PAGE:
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Without the form of justice: yet our power
Re-enter Servants, with GLOSTER.
consider You are my guests : do me no foul play, friends, Corn. Bind him, I say.
(Servants bind him. Reg.
Hard, hard :-O filthy traitor! Glo. Unmerciful lady as you are, I am none. Corn. To this chair bind him :-Villain, thou shalt find
[REGAN plucks bis beard, Glo. By the kind gods, 'tis most ignobly done To pluck me by the beard.
Reg. So white, and such a traitor!
do? Corn. Come, fir, what letters had you late from France? Reg. Be simple answer'd, for we know the truth.
Corn. And what confederacy have you with the traitors Late footed in the kingdom?
Reg. To whose hands have you sent the lunatick king? Speak.
Glo. I have a letter guessingly set down,
Corn. Where haft thou sent the king?
Wherefore To Dover? Waft thou not charg'd at thy peril
Corn. Wherefore to Dover? Let him first answer that. Glo. I am tied to the stake, and I must stand the course? Reg. Wherefore to Dover?
Glo. Because I would not see thy cruel nails Pluck out his poor old eyes; nor thy fierce fister In his anointed Alesh stick boarish fangs. The sea, with such a storm as his bare head In hell-black night endur’d, would have buoy'd up, And quench'd the stelled fires: yet, poor old heart, He holp the heavens to rain. If wolves had at thy gate howl'd that stern time, Thou should'st have said, Good porter, turn the key; All cruels else subscrib'd :-But I shall see The winged vengeance overtake such children. Corn. See it shalt thou never :-Fellows, hold the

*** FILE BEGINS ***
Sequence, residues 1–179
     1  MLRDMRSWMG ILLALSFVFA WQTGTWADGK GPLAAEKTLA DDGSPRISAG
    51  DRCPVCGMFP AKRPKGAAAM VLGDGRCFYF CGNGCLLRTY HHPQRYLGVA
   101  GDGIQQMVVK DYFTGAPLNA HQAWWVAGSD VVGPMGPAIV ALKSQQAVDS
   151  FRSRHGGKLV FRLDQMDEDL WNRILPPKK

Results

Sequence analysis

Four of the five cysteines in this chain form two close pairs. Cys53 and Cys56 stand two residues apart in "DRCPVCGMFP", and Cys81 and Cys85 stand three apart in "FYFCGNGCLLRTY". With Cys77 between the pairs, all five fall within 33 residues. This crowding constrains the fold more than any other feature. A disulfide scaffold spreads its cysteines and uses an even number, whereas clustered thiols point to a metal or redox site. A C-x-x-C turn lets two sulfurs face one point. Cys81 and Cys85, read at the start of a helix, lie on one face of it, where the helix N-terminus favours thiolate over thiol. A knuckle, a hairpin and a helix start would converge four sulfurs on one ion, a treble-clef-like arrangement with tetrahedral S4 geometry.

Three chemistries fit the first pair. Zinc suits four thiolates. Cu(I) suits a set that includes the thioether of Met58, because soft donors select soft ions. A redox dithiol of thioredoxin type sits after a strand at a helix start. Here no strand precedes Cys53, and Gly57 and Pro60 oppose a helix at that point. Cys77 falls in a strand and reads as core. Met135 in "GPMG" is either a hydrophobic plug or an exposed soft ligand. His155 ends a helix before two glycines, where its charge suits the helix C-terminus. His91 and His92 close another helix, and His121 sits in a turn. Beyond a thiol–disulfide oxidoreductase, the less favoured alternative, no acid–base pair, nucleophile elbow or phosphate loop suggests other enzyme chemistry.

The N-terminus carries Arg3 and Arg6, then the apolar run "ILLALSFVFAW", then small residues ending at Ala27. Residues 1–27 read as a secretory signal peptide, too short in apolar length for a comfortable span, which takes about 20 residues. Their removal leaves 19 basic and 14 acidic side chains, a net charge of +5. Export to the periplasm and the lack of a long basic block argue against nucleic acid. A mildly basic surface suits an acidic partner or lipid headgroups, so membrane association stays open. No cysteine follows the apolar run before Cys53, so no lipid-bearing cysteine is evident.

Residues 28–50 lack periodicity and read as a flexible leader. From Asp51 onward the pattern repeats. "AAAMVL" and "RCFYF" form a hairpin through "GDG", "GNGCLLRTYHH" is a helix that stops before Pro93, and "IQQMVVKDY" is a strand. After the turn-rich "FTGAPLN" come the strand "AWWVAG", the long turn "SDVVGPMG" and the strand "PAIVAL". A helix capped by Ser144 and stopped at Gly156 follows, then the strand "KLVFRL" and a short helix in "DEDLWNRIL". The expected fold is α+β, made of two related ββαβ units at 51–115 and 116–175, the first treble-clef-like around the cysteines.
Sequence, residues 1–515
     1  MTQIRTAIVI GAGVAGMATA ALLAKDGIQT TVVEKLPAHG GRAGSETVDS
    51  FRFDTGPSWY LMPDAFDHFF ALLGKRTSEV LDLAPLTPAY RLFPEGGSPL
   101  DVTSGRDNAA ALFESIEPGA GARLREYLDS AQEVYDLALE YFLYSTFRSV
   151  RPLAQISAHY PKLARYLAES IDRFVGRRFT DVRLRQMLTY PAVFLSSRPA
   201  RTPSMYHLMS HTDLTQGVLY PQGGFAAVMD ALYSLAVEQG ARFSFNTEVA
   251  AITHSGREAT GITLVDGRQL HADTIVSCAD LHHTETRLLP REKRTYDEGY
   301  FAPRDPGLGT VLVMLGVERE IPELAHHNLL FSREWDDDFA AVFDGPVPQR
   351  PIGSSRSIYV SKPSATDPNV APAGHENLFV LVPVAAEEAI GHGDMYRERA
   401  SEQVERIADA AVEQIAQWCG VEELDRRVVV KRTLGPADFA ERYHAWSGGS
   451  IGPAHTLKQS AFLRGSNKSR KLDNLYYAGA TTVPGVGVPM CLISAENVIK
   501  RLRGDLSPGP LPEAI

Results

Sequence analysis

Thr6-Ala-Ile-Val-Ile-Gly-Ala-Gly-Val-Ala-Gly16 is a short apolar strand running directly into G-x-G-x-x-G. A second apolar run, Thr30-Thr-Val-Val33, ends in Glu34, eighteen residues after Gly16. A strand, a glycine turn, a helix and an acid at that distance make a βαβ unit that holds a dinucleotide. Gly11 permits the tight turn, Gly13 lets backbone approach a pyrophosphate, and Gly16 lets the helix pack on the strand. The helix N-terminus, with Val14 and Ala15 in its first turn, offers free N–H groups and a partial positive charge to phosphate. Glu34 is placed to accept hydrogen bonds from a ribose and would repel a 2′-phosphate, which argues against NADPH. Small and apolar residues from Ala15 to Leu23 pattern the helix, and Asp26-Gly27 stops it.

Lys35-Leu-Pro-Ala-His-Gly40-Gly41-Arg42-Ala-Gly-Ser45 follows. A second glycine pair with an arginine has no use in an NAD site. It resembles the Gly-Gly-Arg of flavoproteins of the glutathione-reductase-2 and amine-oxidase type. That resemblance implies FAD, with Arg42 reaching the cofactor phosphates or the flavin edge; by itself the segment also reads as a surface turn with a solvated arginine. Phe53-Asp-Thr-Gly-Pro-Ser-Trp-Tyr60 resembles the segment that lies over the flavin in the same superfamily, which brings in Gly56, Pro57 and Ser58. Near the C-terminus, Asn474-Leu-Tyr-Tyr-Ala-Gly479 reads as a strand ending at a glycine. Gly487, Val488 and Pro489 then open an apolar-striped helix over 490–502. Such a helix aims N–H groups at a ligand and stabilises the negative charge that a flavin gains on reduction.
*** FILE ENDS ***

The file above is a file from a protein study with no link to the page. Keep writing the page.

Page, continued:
chair:Upon these eyes of thine I'll set my foot. [GLOSTER is held down in bis chair, while CORNWALL
plucks out one of his eyes, and sets bis foot on it. Glo. He, that will think to live till he be old, Give me some help: U cruel! O ye gods!
Reg. One fide will mock another; the other too.
Hold your hand, my lord :
How now, you dog?
Corn, Corn. My villain!
(draws, and runs at bim. Serv. Nay, then come on, and take the chance of anger.
[draws. They fight. CORNWALL is wounded. Reg. Give me thy sword.--[to another Serv.] A peasant stand
thus ! [fratches a sword, comes behind, and stabs bim. Serv. O, I am Nain!—My lord, you have one eye left To see some mischief on him :-0!
[dies. Corn. Left it fee more, prevent it:-Out, vile jelly ! Where is thy lustre now? (tears out Gloster's other eye, and throws it on the
ground. Glo. All dark and comfortless.--Where's my son Ed.
Out, treacherous villain !
Reg. Go, thrust him out at gates, and let him smell His way to Dover. How is't, my lord? How look you?
Corn. I have receiv'd a hurt :-Follow me, lady.Turn out that eyeless villain ;-throw this Naye Upon the dunghill.-Regan, I bleed apace : Untimely comes this hurt: Give me your arm. [Exit CORNWALL, led by REGAN ;-Servants unbind
GLOSTER, and lead bim out. 1. Serv. I'll never care what wickedness I do, If this man come to good. 2. Serv. If the live long,
And, in the end, meet the old course of death,
1. Serv. Let's follow the old earl, and get the Bedlam To lead him where he would ; his roguish madness Allows itself to any thing. 2. Serv. Go thou; I'll fetch some flax, and whites of
eggs, To apply to his bleeding face. Now, heaven help him!
Edg. Yet better thus, and known to be contemn'd,
Enter GLOSTER, led by an old Man.
Old Man. O my good lord, I have been your tenant, and your father's tenant, these fourscore years.
Glo. Away, get thee away; good friend, be gone :
Old Man. Alack, sir, you cannot see your way.
Glo. I have no way, and therefore want no eyes;